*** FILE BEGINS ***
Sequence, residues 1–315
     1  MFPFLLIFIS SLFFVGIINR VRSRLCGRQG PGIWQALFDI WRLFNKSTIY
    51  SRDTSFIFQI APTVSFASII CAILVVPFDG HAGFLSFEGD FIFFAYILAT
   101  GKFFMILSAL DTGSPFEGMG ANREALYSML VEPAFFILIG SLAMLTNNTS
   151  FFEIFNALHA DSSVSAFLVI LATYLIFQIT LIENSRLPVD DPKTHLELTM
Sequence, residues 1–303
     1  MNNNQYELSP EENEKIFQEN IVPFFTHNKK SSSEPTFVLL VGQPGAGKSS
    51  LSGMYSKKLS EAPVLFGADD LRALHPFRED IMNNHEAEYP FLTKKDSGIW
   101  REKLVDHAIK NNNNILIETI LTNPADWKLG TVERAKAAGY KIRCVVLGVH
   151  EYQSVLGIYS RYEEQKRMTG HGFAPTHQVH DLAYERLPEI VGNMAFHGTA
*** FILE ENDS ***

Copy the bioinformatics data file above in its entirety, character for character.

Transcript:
Sequence, residues 1–315
     1  MFPFLLIFIS SLFFVGIINR VRSRLCGRQG PGIWQALFDI WRLFNKSTIY
    51  SRDTSFIFQI APTVSFASII CAILVVPFDG HAGFLSFEGD FIFFAYILAT
   101  GKFFMILSAL DTGSPFEGMG ANREALYSML VEPAFFILIG SLAMLTNNTS
   151  FFEIFNALHA DSSVSAFLVI LATYLIFQIT LIENSRLPVD DPKTHLELTM
Sequence, residues 1–303
     1  MNNNQYELSP EENEKIFQEN IVPFFTHNKK SSSEPTFVLL VGQPGAGKSS
    51  LSGMYSKKLS EAPVLFGADD LRALHPFRED IMNNHEAEYP FLTKKDSGIW
   101  REKLVDHAIK NNNNILIETI LTNPADWKLG TVERAKAAGY KIRCVVLGVH
   151  EYQSVLGIYS RYEEQKRMTG HGFAPTHQVH DLAYERLPEI VGNMAFHGTA